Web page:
Wednesday 13 February 2019

Recall of Intraocular Lenses

Patients have experienced deterioration in vision relating to a batch of lens implants.

Recent press has highlighted a batch of lenses used during cataract surgery, to be causing a decrease in vision. Typically the change is noticed at 36 months, where postoperative opacification has compromised the optical quality of the lens.

Photo taken under Infra Red light. You can see the plastic implant of the lens, sitting just behind the iris. The coloured part of the eye. The lens is clear when it is first implanted, here there is a thickening of the old cataract skin. This is the common PCO - posterior capsular opacification.

Patients affected with reduced vision should contact one of our optometrist for further advice. The plastic lenses can become opaque after cataract surgery, in a process called PCO - posterior capsule opacification. It is a fairly common complication of cataract surgery and its treatment is simple and painless. The skin of the cataract which is left after surgery can sometimes thicken and degrade vision. A laser procedure is done in the outpatient clinic, which removes some of the thickened cloudy lens capsule. Treatment is quick and effective, returning vision to what is was like just after surgery. 

The Oculentis implant sits behind the iris, in place of the cloudy natural lens.
The clouded implant lens, currently under recall.

Should the plastic lens by the problem a referral will be made. An ophthalmologist will advise on the best course of action and whether lens exchange would be an option. In some patients, the eye is too fragile and further surgery would not improve vision.

800 people are thought to be affected. Oculentis, the lens manufacturer claims there may be a problem with interaction the lens surface. There is evidence some people may be predisposed to the problem or even that certain medications are playing a factor.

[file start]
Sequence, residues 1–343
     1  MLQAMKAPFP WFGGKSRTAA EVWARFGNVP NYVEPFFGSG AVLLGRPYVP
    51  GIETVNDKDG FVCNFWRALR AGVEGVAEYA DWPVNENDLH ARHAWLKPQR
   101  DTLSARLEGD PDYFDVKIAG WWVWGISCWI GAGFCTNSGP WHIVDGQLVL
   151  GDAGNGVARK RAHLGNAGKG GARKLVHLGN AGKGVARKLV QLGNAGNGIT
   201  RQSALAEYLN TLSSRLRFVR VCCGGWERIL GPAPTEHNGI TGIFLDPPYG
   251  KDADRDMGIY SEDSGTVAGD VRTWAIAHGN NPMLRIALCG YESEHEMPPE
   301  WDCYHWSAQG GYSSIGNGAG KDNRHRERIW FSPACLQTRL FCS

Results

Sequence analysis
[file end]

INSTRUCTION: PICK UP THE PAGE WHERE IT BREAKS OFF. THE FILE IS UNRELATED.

OCT scan of the retina. The dip is a natural occurrence, where central vision is located. Imaged beneath are small, black void like spaces. These are filled with fluid and is called, macula oedema. 

An OCT scan of the other eye, in the same patient. The natural valley or dip for central vision, without any oedema or fluid filled spaces.

It is important to rule out macula oedema as the cause of reduced vision post surgery. Patients should undergo a thorough slit lamp examination and have an OCT scan. Which immediately shows any fluid or swelling in the macula, which is the part of the retina used for central vision. Macula oedema or fluid in the retina is a possible complication of surgery and should be checked an monitored. 

If you are experiencing any degradation in vision, come and speak to one of our optometrists who will complete a comprehensive post surgery check. OCT scans are now available at all of our practices. 

1 comment:

  1. Thank you so much for such an amazing post. I hope that there's more to come.